How to Floss

Posted on 23 Apr 2016 at 13:13

LS1 Dental leeds wants to get Leeds Flossing more !!!  and this is why…

Dental floss helps to prevent gum disease by getting rid of pieces of food and plaque from between your teeth. Plaque is a sticky substance made of bacteria. If it builds up, the bacteria can irritate the gums and cause inflammation.  Your LS1 dental team will show you how to use floss correctly ,it can be a little tricky at first but practice will make perfect .  Regular visits to see the Hygienist will also help as they can help you with technique and show you any area’s you may be missing over time .

Here is a little how to guide on flossing …

How to Floss

Dental floss is a thin, soft thread made of nylon or plastic that removes food and plaque from between your teeth. Many people find dental tape, which is thicker than floss, easier to use.
If you use dental floss incorrectly, it can damage your gums. You should therefore follow your dentist’s advice about using dental floss, including how often you should use it. The tips below may also help.
Cut off a section of floss about 45cm (18 inches) long. Wind it around the middle fingers of each hand.
Grip the floss with your thumb and forefinger of each hand so that the floss between your hands is about 2.5-5cm (1-2 inches) long. Pull it tight so you can insert the floss in a gap between two teeth.
Gently guide the floss up and down against the sides of the teeth and under the gumline. When the floss reaches the gumline, curve it into a C-shape against the tooth until you feel resistance.
Hold the floss against the tooth and gently scrape the side over it, away from the gum. This will help you to floss under the gumline without causing any damage.
Repeat this process for the next gap, along the side of the next tooth.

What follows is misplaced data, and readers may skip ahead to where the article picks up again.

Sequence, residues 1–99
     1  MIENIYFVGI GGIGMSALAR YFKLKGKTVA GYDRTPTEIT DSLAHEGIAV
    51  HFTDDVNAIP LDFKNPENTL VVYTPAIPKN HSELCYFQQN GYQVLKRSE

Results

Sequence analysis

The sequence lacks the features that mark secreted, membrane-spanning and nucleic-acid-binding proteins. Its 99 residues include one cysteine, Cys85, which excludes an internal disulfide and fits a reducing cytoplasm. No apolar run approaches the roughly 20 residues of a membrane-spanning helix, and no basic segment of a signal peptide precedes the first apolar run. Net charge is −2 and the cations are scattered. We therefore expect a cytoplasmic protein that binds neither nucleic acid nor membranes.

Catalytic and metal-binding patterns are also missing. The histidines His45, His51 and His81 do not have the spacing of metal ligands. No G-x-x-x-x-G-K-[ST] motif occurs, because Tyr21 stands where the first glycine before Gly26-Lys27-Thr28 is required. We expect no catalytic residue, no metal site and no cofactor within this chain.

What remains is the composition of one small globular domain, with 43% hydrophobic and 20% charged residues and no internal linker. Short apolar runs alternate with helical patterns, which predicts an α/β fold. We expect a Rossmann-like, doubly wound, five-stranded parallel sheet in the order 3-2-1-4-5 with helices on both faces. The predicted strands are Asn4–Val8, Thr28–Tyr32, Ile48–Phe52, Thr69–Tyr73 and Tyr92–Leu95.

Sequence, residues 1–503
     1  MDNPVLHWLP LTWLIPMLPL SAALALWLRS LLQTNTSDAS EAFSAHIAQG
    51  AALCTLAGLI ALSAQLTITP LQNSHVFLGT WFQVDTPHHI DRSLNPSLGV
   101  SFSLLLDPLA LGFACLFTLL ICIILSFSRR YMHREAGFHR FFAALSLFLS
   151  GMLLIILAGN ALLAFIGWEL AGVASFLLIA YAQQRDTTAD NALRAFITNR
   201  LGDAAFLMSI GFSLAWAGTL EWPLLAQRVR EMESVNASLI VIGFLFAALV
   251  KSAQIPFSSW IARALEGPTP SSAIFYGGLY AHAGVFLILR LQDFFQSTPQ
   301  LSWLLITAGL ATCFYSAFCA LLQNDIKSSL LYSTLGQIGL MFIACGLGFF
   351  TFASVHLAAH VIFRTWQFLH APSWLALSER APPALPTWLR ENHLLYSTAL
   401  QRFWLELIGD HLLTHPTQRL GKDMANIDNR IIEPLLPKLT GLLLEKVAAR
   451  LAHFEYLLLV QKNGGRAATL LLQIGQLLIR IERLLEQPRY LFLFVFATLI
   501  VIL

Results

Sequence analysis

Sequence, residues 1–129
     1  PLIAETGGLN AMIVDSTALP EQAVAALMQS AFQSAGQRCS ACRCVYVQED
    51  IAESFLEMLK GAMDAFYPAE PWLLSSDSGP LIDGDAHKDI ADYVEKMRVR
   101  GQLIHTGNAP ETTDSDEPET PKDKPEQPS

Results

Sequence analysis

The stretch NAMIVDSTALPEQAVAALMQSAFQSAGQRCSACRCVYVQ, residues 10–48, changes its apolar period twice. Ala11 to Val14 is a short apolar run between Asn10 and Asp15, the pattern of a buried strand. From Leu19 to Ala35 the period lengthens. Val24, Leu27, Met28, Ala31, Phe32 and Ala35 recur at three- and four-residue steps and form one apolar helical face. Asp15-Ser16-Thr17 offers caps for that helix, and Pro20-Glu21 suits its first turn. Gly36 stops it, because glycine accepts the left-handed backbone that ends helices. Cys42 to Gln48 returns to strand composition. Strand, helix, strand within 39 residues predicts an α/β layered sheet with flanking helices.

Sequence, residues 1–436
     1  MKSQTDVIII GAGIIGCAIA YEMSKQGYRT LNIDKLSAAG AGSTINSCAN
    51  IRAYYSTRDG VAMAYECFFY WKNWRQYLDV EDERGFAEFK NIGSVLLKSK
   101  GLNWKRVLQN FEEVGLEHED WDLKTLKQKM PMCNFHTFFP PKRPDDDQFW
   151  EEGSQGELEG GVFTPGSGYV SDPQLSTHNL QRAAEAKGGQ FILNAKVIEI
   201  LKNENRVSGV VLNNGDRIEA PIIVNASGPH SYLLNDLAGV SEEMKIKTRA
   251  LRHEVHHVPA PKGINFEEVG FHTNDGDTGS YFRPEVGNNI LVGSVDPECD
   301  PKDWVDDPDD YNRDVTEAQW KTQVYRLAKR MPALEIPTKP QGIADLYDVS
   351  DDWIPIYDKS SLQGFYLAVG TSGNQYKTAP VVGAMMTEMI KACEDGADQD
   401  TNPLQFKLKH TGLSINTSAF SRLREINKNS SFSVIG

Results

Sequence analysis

Make sure you floss between every single tooth. Working to a pattern round the whole of your mouth makes it less likely that you’ll miss out any teeth.
Remember to floss the side of the teeth at the back of your mouth.

What if my gums bleed?
When you first start flossing, your gums may be tender and bleed a little as you start to get rid of any plaque build-up. Carry on flossing your teeth and the bleeding should stop, as your gums become healthier.
If you’re still getting regular bleeding after a few days, see your dentist. They can check if you’re flossing correctly.


What if I find flossing difficult?

If you find holding the floss difficult, you could try using a floss holder (sometimes called a flossette or an interdental brush. These hold the floss for you and some people find them helpful. Some people find interdental brushes easier to use than floss. You can buy flossette’s and interdental brushes from pharmacists (chemists) and supermarkets. However most people find the more they practice the easier it gets , doing it in the mirror can also help

If you find flossing difficult, your LS1 team can give you advice about other ways of cleaning between your teeth.
If you would like more information or advice on oral hygiene and flossing the LS1 team are always happy to help – contact us

Learn how to floss by booking an appointment

How to Floss

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